Tuesday, October 13, 2015

Region's recovery may begin during the winter

Two indexes built to forecast changes in the business cycle for the Philadelphia area have been acting as though the end of the recession is close.

Region's recovery may begin during the winter


Two of the newest measures of the health of the regional economy are showing signs that a turn in the business cycle may be near.

The Greater Philadelphia Leading Index has risen for five straight months through September. The index, built by the economics firm IHS Global Insight, uses indicators that generally change direction six months before the overall economy.

Phil Hopkins, director of research for Select Greater Philadelphia, which sponsors the quarterly report, retained his cautious outlook, but said the leading index could be forecasting a bottoming of the regional economy this winter.

(Remember: bottoming is good because it means the next direction is up.)

With lots of economists and analysts speculating that the U.S. recession ended during the summer, that doesn’t put our region too far behind the curve. But the start of an economic recovery often feels a lot like the end of a contraction because of the lousy job market.

Hopkins said it may be the end of 2010 before the region sees “sustained growth in employment.”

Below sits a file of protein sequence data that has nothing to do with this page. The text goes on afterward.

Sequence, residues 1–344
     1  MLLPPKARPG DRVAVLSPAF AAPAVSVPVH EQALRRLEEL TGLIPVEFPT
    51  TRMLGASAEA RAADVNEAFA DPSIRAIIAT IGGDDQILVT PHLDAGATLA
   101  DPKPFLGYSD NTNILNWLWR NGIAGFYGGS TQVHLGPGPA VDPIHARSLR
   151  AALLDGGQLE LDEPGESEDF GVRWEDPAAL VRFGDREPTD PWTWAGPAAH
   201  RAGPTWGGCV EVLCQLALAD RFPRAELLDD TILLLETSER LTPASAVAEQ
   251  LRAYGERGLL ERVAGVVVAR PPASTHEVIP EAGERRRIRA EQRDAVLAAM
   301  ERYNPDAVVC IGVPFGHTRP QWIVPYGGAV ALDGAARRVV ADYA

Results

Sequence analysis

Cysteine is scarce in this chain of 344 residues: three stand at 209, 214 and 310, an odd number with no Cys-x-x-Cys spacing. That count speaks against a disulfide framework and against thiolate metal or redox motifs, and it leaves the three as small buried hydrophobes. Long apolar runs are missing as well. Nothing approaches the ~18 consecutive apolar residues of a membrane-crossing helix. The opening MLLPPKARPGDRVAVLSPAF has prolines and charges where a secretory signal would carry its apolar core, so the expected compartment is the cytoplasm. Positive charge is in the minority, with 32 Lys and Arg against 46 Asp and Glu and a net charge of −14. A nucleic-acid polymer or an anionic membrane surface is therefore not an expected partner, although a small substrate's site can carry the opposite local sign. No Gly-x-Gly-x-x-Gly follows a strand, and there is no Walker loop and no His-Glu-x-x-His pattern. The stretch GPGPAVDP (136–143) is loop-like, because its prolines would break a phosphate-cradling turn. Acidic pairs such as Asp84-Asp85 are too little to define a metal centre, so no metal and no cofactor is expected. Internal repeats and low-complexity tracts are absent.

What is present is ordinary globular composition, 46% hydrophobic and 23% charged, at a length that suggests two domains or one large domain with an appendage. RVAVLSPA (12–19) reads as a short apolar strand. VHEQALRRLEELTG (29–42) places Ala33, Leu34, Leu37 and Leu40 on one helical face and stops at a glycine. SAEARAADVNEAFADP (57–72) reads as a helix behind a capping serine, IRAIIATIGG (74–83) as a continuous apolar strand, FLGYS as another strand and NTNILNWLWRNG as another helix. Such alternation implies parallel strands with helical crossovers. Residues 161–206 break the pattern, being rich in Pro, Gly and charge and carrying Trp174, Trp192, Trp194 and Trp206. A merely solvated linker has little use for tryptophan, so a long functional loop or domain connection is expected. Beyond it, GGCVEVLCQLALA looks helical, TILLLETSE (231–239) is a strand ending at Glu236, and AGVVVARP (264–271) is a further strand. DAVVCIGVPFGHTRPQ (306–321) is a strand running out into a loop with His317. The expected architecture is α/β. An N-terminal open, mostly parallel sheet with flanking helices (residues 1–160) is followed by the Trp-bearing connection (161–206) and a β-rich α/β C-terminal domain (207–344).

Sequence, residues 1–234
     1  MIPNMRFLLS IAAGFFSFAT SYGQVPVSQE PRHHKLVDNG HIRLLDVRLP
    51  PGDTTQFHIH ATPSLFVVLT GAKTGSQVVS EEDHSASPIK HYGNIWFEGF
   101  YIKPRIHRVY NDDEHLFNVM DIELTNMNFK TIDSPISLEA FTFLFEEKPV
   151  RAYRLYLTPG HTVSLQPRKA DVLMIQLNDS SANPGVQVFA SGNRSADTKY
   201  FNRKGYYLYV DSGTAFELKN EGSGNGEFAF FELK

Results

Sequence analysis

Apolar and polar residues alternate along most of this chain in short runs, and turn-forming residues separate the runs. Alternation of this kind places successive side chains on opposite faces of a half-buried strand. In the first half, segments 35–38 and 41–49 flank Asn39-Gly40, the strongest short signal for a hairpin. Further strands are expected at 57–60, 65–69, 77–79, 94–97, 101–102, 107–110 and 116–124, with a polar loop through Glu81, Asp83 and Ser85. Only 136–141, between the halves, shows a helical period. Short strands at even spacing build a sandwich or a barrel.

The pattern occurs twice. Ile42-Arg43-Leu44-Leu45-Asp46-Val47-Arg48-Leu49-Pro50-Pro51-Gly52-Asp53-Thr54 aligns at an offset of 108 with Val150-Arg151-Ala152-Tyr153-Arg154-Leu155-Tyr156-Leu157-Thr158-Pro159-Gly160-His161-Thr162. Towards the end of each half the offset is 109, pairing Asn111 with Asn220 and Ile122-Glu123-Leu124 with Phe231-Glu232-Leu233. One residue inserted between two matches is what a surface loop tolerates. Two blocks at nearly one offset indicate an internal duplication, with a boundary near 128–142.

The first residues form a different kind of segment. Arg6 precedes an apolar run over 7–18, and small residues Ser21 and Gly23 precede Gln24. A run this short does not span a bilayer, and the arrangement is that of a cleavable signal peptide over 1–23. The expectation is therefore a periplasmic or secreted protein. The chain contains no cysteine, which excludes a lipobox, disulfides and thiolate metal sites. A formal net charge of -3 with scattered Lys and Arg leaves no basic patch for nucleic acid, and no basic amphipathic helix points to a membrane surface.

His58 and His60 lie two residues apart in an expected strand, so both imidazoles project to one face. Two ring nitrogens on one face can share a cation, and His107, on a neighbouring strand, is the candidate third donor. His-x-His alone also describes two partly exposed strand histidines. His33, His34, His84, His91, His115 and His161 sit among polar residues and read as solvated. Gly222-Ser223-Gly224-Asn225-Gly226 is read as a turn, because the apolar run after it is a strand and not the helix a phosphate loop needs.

The other measure, the Greater Philadelphia Coincident Index, fell for the 20th time in the last 21 months. (A coincident index tracks indicators that vary directly with movements in the business cycle.) Hopkins noted that the month-over-month decreases have become more gradual and the hope is that it will begin to increase during the next three months.

In truth, the paint is still wet on these two indexes, which were launched in the thick of last fall’s global economic crisis. So while Hopkins is encouraged by the trends showing up in the indexes, the next quarterly report in February may be the key one that determines if these regional tools can “catch the turning point” in the business cycle.

All recessions are different, but Philadelphia’s reputation has been that it lags during recoveries. Following the 1991 recession, it took the Philadelphia area 69 months before employment surpassed its pre-recession peak, Hopkins said. It took the nation only 31 months.

But after the 2001 recession, the Philadelphia region surpassed its previous peak in employment in 41 months compared with 47 months for the U.S. as a whole, Hopkins.

And this time? IHS Global Insight forecasts the employment level here climbing above its pre-recession peak during the second or third quarters of 2012. Sounds bad, but that would be faster than 34 states.


Today: Campbell Soup;

Wednesday: Pep Boys - Manny, Moe & Jack.

Inquirer Columnist
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About this blog
Mike Armstrong blogs about Philadelphia corporations and business-related topics. Contact him at 215-854-2980. Reach Mike at marmstrong@phillynews.com.

Mike Armstrong Inquirer Columnist
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